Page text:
I am reading Curtis - Abstract Linear Algebra to pump up my knowledge a little bit and I found exercise I.F.7 (page 41), where I am asked to prove the following:

If $V$ is a vector space over a field $\mathbb{F}$ and $A, B \in End(V)$, then $AB$ and $BA$ have the same eigenvalues.

To begin with... Is this statement true?


This statement is indeed false and that a corrected version could be the following:

$AB$ and $BA$ have the same non-zero eigenvalues. If $V$ is finite dimensional, then $AB$ and $BA$ have the same eigenvalues.

The proof of the first assertion should go as follows.

If $\lambda$ is a non-zero eigenvalue of $AB$, then $$ AB v = \lambda v $$ for some non-zero $v \in V$ and since $\lambda \neq 0$, $Bv$ cannot be zero. So we can apply $B$ to both sides and get $$ BA (Bv) = \lambda (Bv) $$ which means that $\lambda$ is an eigenvalue of $BA$

The second assertion is in general false in an infinite-dimensional space.

For example take $V = \mathbb{R}^{\omega}$, $A(v_1, v_2, \dots) = (0, v_1, v_2, \dots)$ and $B(v_1, v_2, \dots) = (v_2, \dots)$ Then $0$ is an eigenvalue of $AB$ (because $AB(v) = (0, v_2, v_3, \dots)$ has clearly a non-trivial kernel) but is definitely not an eigenvalue of $BA$ since $BA = I$.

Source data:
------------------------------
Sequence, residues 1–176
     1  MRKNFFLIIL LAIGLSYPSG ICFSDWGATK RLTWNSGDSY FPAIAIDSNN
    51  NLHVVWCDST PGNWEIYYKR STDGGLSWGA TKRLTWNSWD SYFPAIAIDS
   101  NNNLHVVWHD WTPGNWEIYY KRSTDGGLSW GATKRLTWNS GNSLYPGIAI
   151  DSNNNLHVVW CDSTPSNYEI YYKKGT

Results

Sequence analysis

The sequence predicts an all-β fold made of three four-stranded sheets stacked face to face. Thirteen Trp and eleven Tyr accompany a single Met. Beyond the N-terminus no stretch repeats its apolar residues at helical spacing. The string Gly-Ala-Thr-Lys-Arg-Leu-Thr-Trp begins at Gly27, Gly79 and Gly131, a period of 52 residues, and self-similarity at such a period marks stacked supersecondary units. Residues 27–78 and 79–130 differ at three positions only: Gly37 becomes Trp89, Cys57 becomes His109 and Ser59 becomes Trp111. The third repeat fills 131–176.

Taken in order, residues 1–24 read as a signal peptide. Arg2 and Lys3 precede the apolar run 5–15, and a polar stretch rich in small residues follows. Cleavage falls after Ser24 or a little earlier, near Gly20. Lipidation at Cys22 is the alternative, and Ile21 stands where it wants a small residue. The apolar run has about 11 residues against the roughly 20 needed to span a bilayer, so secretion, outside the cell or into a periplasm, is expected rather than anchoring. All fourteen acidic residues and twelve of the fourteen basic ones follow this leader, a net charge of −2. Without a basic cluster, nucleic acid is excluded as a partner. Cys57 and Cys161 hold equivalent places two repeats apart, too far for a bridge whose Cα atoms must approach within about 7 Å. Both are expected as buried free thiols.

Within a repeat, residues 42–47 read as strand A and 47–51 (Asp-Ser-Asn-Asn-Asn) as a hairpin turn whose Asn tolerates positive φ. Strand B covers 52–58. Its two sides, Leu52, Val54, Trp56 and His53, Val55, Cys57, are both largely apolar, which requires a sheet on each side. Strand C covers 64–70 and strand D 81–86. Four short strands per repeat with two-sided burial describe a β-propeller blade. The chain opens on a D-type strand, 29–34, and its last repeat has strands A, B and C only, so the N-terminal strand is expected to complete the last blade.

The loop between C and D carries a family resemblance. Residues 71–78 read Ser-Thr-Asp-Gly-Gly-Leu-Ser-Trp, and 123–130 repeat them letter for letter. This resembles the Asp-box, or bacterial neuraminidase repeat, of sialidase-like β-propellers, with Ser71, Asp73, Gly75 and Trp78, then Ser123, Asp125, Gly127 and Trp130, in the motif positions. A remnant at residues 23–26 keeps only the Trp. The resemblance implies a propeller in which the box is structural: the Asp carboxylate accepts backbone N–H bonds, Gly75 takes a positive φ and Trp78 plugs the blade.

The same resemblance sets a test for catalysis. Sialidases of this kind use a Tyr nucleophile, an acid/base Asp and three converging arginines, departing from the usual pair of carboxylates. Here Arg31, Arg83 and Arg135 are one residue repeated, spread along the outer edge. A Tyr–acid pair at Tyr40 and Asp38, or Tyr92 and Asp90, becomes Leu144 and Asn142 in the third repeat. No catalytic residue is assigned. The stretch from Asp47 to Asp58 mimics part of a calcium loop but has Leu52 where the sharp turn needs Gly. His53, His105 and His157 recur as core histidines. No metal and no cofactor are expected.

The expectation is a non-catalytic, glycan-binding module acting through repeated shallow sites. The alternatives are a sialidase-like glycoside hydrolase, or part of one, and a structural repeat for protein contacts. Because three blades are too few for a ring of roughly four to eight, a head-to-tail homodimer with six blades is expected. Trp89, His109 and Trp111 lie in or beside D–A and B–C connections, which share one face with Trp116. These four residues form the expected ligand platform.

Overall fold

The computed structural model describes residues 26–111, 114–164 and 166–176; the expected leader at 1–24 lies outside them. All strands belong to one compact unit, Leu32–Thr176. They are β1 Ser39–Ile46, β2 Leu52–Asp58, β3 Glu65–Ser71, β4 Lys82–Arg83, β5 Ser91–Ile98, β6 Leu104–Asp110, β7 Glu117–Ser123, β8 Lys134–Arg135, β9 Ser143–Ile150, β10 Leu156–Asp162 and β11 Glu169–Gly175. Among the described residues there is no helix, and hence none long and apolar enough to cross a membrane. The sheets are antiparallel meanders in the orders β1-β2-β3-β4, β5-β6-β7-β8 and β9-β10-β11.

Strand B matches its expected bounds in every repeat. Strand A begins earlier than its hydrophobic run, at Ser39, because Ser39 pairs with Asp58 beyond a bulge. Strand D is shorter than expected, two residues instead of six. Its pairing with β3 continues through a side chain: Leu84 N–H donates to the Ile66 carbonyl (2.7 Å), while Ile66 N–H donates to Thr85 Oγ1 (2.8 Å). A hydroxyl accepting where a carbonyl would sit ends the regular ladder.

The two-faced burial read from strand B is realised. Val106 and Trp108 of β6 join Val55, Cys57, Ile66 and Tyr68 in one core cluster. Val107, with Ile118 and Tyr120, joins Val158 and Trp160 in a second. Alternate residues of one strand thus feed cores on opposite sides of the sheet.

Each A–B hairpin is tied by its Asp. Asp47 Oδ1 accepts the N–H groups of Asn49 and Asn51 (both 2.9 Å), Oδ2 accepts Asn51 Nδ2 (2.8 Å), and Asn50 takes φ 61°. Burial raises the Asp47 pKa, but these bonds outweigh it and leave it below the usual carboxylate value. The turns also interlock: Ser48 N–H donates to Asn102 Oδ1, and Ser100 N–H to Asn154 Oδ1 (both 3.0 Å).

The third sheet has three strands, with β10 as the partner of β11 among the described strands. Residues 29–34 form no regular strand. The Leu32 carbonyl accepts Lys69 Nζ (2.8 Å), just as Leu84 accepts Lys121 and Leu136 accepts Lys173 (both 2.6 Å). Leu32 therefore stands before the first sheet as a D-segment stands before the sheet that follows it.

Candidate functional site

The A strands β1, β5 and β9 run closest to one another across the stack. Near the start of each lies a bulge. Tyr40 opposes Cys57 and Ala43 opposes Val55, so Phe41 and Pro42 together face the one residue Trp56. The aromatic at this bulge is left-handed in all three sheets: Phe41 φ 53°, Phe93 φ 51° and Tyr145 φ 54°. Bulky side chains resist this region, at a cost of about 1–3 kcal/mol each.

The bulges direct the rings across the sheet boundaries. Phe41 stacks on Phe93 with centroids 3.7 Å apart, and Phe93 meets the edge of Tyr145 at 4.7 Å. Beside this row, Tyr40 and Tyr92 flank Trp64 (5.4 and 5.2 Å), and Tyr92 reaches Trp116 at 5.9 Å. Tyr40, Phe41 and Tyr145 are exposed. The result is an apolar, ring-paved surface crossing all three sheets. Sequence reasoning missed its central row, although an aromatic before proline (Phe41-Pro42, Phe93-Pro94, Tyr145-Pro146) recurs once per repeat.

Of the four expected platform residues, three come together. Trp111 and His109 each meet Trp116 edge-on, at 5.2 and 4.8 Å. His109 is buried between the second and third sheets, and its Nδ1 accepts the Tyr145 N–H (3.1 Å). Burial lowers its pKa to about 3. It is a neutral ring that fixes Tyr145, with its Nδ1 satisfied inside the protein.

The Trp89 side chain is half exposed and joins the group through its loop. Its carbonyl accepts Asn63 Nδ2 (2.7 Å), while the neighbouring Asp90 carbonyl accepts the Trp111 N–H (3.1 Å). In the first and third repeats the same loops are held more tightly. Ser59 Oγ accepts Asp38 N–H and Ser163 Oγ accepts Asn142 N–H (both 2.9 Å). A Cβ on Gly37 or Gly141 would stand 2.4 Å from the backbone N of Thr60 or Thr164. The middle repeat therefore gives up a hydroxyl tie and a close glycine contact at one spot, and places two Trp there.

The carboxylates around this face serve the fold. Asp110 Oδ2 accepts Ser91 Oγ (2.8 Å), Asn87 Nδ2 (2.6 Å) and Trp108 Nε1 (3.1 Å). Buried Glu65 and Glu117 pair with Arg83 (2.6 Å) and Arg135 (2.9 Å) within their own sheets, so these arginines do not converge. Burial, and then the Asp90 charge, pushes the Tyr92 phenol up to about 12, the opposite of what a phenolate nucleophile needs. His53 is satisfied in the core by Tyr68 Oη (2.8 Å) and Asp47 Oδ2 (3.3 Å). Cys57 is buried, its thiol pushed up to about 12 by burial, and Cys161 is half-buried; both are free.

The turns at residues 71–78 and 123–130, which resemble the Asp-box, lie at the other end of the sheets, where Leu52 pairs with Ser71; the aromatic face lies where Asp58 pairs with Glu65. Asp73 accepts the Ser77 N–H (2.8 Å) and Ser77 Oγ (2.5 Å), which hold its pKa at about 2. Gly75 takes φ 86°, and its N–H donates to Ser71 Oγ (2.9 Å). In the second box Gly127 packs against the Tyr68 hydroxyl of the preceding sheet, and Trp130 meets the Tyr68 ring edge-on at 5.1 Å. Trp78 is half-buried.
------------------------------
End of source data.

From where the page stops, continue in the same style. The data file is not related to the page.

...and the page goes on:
To prove the second assertion, we could reason like the following.

In general, if $AB$ is injective (resp., surjective) then $B$ is injective (resp., $A$ is surjective), which implies that if $AB$ is invertible then $B$ is injective and $A$ is surjective. If $V$ is finite dimensional, we can make this result stronger and say that invertibility of $AB$ implies invertibility of both $A$ and $B$, thus of $BA$. So in the finite-dimensional case, if $0$ is an eigenvalue of $AB$, then $AB$ is not injective, i.e. not invertible, then (by the contrapositive of the result above) $BA$ is not invertible, i.e. not injective, which is to say that $0$ is also an eigenvalue of $BA$.


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